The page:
So is it cheap?
Yes and no. The cost of many services, including business hotels and car hire, is comparable to prices here, and many Western-manufactured goods, such as designer clothes or nappies, are actually more expensive. Local products, however, are a bargain, as are everyday items and services such as food, drink, taxis and public transport.
How do I get there?
Estonia: Estonian Air (020-7333 0196; www.estonian-air.ee) flies direct from Gatwick to Tallinn; from £275. Cheap alternative: fly on buzz (0870 240 7070; www.buzzaway.com) from Stansted to Helsinki, for around £100 return, then there is the choice of passenger and car ferries or hydrofoils between Helsinki and Tallinn (journey time from 90 minutes) run by Tallink (00 358 9 228 311; www.tallink.fi); you can also cross via catamaran with Nordic Jet (00 358 9 681 770; www.njl.fi).
Latvia: British Airways (0845 773 3377; www.british-airways.com) flies five times weekly from Gatwick to Riga (from £197).
Lithuania: Lithuanian Airlines (020 8759 7323; www.lal.lt) flies from Heathrow to Vilnius from £265. Cheap alternative: Ryanair (08701 569 569; www.ryanair.com) from Stansted to Lubeck, a short hop on the train to Kiel and then the Lisco (00 370 61 55943) ship to Klaipeda.
Open jaw: to fly into one city and back from another, the best option is with SAS, which flies to the Baltic capitals via Copenhagen or Stockholm from Heathrow, Gatwick, Stansted, Birmingham, Manchester, Glasgow, Edinburgh and Aberdeen; returns from £229.
When should I go?
The Baltic States are at their best between April and October; July is the hottest, and most touristy, month. Go in June if you want to witness the "white nights" (in reality, a kind of eerie grey that lingers through the brief night) and the ritualistic St John's Night festivals (23 June), which herald the long-awaited arrival of summer. Bonfires are lit across the countryside, and every village celebrates what was traditionally seen as the longest day of the year by drinking, staring into the flames or singing, dancing and leaping over the bonfire.
And where do I begin?
First-timers should aim for the capitals. All three have historic city centres, and are beautiful in strikingly different ways.
Tallinn, once a member of the Hanseatic League, is thoroughly modern in outlook, but it's also one of the best-preserved medieval cities in the world, with a spiky skyline, orange-topped castle towers and pastel-coloured houses. The wooded upper town has an uplifting, airy feel, with dreamy sea views and seagulls wheeling over the ramparts.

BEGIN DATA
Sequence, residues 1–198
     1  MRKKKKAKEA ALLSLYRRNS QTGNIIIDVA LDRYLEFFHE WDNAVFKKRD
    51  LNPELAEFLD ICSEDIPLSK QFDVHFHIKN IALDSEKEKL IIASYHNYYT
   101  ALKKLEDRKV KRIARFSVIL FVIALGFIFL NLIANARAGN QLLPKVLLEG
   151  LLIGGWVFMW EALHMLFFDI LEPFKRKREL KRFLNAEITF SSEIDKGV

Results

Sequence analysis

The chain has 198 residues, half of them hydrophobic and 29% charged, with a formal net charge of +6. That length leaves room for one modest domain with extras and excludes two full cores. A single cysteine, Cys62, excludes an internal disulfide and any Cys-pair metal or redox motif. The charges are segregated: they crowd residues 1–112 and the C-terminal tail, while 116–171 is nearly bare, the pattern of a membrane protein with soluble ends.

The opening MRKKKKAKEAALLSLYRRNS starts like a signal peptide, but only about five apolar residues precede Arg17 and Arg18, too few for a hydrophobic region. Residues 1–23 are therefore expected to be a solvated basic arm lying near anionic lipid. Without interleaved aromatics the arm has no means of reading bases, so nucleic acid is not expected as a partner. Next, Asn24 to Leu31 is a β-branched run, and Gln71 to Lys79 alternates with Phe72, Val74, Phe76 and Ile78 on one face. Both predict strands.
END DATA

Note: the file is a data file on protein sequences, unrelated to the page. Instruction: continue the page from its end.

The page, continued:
Riga's Old Town is also pretty, but the city's main strengths are its lively nightlife and the astonishing concentration of Jugendstil buildings. It's celebrating its 800th anniversary this year, and is regaining the vibrant, cosmopolitan atmosphere that moved Hemingway to call it, with remarkable lack of imagination, the "Paris of the North".
Vilnius, the only inland Baltic capital, lies in a leafy bowl on the confluence of two rivers. Its Old Town is warm and mellow: with ochre-coloured houses, wrought-iron shop signs, extravagant baroque buildings and an enticing labyrinth of inner courtyards, it's less commercial and more bohemian than its northern counterparts.
The capitals are good bases for day or overnight trips. From Vilnius, visit Kaunas, the elegant second city (home to the Museum of Devils), or the windswept Hill of Crosses, in Siauliai; a moving testament to resistance: it was repeatedly bulldozed by the Soviets, but courageous Lithuanians kept rebuilding the mound. From Riga, take a trip to the medieval ruins of Sigulda Castle, the 18th-century Rundale Palace or the Jewish memorial at Salaspils, where giant sculptures commemorate the thousands murdered there by the Nazis.
Estonia's second city, the largely neoclassical university town of Tartu, is seen by many Estonians as the nation's spiritual capital. It was also the site of the country's first song festival, held to celebrate the abolition of serfdom in 1869. For a more exotic experience, go east to the shores of Lake Peipus, Europe's fifth-largest, to see the villages where persecuted Old Believers fleeing Russia found refuge in the 18th and 19th centuries.
But I want to get away from it all
Then you've come to the right place. During the Soviet occupation, much of the countryside was strictly out of bounds to foreigners, so rural areas are still remote and unspoilt. Animal-lovers will find an abundance of rare fauna: Estonia has brown bears and lynx; Latvia has more white storks than the rest of western Europe combined; and Lithuania, where a whopping 11 per cent of the country is protected territory, is home to a few very rare black storks. Perhaps the most remarkable natural treasure is the fragile Curonian Spit, a wild, magical strip of shifting dunes, fishing villages and fantastical wooden carvings that links Kaliningrad and the Lithuanian town of Klaipeda.
You're also guaranteed a bit of peace and quiet: Estonia, for example, has an average population density of 32 people per sq km (the UK packs more than 200 people into the same space), and its main islands, Saaremaa and Hiiumaa, are spectacularly tranquil. While you're out in the wild, don't miss an opportunity to plunge into a rural sauna, where you can beat yourself (or a companion) with traditional birch twigs.